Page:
Main source: Basel, University Library, F.IX.70 (“Tabulatur des Emanuel Wurstisen (1572-1616)”, 1591-95).

Original instrument (Michielle Harton, Padua 1594) restored to a ten-course lute (Johannes Georg Houcken, Erkelenz 1994) and with pasted label: “Josephus Joachimus Edlinger me reparavit Pragæ An: 1736”.

1. preamble – Hans Newsidler (1508-1563)
Hans Newsidler: Ein Newgeordent Künstlich Lautenbuch, In zwen theml getheylt. Der erst fur die anfahenden Schuler, Nürnberg 1536a, fol.s4r

2ndPræludium – Hans Gerle (c1500-1570)
Tablature of Emanuel Wurstisen, p.9d (from: Hans Gerle: Tabulatur auff die Laudten, Nürnberg 1533, fol.9v)

3. passomezo – Wojciech Długoraj (1557/58-after 1619)
Tablature of Emanuel Wurstisen, p.145a (concordance in: Leipzig, Music Library, II.6.15 from 1619)

4. here follows a welscher tantz washa mesa / Der hupff auff – Hans Newsidler
Ein Newgeordent Künstlich Lautenbuch […] Der erst [Teil], fols.t1r-t2r

5. præambulum – anonymous
Tablature of Emanuel Wurstisen, p.13a

6. bella gagliarda – Diomedes Cato (1560/65-1627/28)
Tablature of Emanuel Wurstisen, p.304b

7th volte – Julien Perrichon (1566-c1600)
Tablature of Emanuel Wurstisen, p.283e

8th Fantasia – Matthäus Waissel (c1535/40-1602)
Tablature of Emanuel Wurstisen, p.51

9th Fantasia – Francesco da Milano (1497-1543)
Tablature of Emanuel Wurstisen, p.41a (Arthur J. Ness: The Lute Music of Francesco Canova da Milano, Harvard University Press, Cambridge, Massachusetts 1970; Ness84)

10. fantasia – Francesco da Milano
Ness 51

11. fantasia – Francesco da Milano

12 The English Roland (= Lord Willoughby’s Welcome Home)
Tablature of Emanuel Wurstisen, p.331b

13 The flatt paven / Galliard to the Flatt Paven – John Johnson (active 1579-1594)
Cambridge, University Library, Dd 2.11, fols.87r & 1v

Texts & History

The historic house Zum Hohen Dolder (Text by Dr. Thomas Christ)

The Basel Gesellschaftshaus zum Hohen Dolder at St. Alban Vorstadt 35 is probably the oldest completely preserved Renaissance building in the city. In particular, the paneled hall on the second floor is a gem and popular as a venue for weddings, birthday parties and house concerts.


The house was never a private residence, nor a guild hall, as many assume, but the seat of a suburban society, a kind of neighborhood association, which, however, 500 years ago was endowed by the city with the right of lower jurisdiction.

At that time, the quarter of St. Alban Vorstadt was within the sphere of influence of the St. Alban monastery in the “Dalbeloch”. But when the prior of the monastery could no longer cope with the quarrels and frictions among the suburban residents, he turned to the city council in 1486 to ensure law and order. These were essentially disputes of competence between the people “on the mountain” and those down on the Rhine at the paper mills.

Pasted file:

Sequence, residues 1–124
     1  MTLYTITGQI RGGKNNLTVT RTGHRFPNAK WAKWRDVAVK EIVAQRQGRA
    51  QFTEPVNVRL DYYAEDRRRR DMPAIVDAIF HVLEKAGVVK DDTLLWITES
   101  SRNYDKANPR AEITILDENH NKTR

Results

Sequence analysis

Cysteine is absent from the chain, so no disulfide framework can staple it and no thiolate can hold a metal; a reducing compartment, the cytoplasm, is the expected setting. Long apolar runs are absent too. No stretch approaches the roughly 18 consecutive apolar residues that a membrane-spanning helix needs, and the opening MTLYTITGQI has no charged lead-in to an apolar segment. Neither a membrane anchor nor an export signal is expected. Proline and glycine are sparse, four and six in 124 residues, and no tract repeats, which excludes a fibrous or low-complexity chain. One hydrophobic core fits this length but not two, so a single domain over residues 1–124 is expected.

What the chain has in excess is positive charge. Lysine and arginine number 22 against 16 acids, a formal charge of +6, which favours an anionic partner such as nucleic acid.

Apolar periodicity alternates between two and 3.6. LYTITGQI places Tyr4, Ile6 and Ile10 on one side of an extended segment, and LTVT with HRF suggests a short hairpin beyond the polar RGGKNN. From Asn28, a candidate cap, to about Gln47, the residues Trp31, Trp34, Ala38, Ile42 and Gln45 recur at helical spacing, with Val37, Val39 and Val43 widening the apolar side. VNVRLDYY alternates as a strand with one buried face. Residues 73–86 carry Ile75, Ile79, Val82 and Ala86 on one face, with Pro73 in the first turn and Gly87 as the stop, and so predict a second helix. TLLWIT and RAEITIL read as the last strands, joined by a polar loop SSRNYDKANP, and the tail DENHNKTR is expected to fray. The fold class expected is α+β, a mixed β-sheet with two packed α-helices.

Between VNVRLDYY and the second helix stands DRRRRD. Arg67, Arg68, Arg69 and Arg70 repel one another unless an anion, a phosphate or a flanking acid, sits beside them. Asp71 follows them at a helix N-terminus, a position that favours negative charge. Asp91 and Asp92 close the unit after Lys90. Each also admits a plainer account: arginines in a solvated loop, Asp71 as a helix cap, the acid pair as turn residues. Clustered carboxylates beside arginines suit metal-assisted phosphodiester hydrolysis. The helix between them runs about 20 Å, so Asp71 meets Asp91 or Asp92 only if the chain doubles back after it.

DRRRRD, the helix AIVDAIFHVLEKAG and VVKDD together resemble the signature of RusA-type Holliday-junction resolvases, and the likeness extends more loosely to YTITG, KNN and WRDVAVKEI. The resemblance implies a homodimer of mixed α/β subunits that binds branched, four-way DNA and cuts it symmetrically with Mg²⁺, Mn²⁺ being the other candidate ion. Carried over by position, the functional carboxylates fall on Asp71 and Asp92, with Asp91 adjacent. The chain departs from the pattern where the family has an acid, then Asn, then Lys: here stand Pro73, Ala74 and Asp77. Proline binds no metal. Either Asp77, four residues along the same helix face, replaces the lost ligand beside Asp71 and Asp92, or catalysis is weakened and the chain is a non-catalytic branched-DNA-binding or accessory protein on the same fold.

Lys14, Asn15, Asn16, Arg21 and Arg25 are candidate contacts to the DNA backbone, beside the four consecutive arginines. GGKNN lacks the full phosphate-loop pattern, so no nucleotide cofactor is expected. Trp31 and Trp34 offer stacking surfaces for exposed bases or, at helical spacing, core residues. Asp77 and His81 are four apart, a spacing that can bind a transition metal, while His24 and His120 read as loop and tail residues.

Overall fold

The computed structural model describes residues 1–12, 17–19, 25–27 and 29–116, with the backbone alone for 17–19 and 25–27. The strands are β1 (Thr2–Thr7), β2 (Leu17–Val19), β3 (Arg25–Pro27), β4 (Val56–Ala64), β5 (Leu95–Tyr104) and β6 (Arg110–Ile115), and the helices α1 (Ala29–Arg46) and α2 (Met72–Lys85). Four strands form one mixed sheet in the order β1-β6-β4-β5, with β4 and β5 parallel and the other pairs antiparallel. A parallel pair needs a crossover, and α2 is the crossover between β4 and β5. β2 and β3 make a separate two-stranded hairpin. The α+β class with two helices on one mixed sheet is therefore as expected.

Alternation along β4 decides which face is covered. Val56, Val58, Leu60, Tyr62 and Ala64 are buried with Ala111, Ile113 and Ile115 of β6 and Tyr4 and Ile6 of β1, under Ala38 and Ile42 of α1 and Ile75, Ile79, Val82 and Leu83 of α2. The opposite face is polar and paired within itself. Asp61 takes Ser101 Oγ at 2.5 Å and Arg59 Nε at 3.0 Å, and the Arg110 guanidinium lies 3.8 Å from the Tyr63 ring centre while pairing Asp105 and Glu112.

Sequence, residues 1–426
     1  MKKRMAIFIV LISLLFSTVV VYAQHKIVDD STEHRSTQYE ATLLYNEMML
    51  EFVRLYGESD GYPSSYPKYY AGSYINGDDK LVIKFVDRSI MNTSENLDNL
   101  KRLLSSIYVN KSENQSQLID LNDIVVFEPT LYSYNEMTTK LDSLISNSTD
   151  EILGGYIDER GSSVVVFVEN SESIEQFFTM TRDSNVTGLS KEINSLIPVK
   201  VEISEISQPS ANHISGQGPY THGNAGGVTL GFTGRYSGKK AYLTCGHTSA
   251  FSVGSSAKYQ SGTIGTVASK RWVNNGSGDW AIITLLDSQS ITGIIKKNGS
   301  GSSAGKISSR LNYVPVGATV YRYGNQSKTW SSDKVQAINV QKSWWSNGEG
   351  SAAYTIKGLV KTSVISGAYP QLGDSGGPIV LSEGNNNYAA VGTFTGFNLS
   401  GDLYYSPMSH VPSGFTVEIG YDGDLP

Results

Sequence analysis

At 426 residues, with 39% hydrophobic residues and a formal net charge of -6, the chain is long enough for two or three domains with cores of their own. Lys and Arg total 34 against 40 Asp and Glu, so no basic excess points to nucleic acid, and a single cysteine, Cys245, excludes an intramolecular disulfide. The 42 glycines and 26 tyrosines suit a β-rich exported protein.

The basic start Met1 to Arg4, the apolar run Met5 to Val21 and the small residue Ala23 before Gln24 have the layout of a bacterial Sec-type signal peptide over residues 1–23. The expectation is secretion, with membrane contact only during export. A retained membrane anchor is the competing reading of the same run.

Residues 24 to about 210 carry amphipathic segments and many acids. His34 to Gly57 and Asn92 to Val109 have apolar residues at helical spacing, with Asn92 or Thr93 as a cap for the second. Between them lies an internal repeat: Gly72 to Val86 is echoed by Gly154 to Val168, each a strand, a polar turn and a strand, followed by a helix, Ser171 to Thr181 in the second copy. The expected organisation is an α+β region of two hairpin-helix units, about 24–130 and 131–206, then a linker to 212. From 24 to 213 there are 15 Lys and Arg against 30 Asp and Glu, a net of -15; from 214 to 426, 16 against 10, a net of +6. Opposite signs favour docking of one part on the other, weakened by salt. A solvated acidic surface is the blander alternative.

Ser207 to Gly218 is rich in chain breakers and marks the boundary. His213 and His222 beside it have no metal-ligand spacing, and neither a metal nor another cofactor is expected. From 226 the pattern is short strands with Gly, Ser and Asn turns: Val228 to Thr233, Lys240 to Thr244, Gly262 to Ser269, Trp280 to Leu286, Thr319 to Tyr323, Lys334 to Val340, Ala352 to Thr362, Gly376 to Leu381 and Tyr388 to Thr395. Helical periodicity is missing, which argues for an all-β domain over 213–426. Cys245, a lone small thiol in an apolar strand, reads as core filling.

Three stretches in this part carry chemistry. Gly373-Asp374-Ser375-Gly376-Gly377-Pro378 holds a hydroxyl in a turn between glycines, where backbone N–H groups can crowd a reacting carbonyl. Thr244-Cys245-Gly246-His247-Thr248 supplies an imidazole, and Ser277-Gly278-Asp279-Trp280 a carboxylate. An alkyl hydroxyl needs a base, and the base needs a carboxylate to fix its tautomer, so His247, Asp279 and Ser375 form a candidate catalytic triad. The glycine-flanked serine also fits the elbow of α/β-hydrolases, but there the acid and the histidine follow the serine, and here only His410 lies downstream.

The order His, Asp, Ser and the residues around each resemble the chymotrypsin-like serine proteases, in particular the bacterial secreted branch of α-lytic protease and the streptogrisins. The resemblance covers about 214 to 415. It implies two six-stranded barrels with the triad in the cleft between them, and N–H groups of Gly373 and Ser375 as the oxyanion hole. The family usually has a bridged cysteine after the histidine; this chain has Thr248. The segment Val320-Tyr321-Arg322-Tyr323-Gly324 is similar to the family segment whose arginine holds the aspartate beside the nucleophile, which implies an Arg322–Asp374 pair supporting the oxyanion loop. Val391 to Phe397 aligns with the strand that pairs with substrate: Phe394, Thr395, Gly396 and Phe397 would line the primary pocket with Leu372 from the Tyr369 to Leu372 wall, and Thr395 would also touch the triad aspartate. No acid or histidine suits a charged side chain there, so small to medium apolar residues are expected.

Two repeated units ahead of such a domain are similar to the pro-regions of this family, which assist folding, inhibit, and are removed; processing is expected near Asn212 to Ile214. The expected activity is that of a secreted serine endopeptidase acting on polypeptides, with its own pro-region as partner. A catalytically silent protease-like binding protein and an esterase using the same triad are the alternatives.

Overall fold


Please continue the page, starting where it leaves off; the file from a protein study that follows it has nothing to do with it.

Thomas Christ

It came to the establishment of the first common parlor in the Linden Tower near the monastery. All residents of the neighborhood were compulsory members of the society, which had to be witnessed by a compulsory membership fee. The company, in turn, was obliged to keep the fountains clean, to keep watch on the city walls and to intervene in a warning manner in the event of neighbor disputes.

The parlor of the company served in the 15. and 16th century not only as a meeting place for suburban masters, but also as a temporary inn and a gambling salon. The parlor regulations of 1492 state in particular that it was forbidden under penalty of law to insult others, to beat, to draw knives against fellow journeymen, to throw playing cards out of the window, to break crockery, to gamble on holidays and to swear “wickedly”. At that time, i.e. around 1500, rural life and thus also livestock farming in the suburbs was still pronounced and for many residents a necessary secondary income.

However, the suburban society – at that time called “zum Esel” – did not seem to be very satisfied in the assigned Lindenturm and made every effort to pitch their tents on the mountain. For unexplained reasons, a fire destroyed that tower in 1492, after which the society was able to move into its residence in 1494 in the house at “Tolden”, in today’s St. Alban Vorstadt 35, named after the former owner Johannes zum Tolden.

Initially, the property was rented, but in 1503 it was acquired under hard financing conditions at the expense of the shareholders. Since then, the house has undergone some renovations, but has hardly changed its character significantly.

Worth mentioning, however, is the mural painting from 1547 by the artist Maximilian Wischak, who came from Schaffhausen. On the east wall of the hall, the painting shows Tell’s apple shot”, the “Rütli oath” as well as the “Tell’s leap”, scenes of a founding legend from Central Switzerland, which demonstrably have little to do with the illustrious history of Basel in the 16th century – with Basel as a city of scholars, the pioneers of book printing, where kings and popes frequented.

It is even said to be the first depiction of Tell in Switzerland (a story that only became famous 200 years later through Schiller’s drama).What was the reason for this demonstration of sympathy within Switzerland? As is well known, Basel had decided in 1501 to join the young Swiss Confederation and thus to withdraw, at least politically, from the spheres of influence of the great ruling houses: the mural thus becomes an early Swiss propaganda image.



The Bassanos

Homage to the recorder family
Sun 29.09.24 18:15 Concert

Historical Museum Basel


Magnum opus musicum 1604

Tribute to Orlando di Lasso
Sun 27.10.24 18:15 Concert



Du Fay 550

Music for a lifetime
Sun 24.11.24 18:15 Concert

Historisches Museum Basel


Now sing and rejoice

Sing-along Concert
Sun 29.12.24 17:45 Workshop 18:15 Concert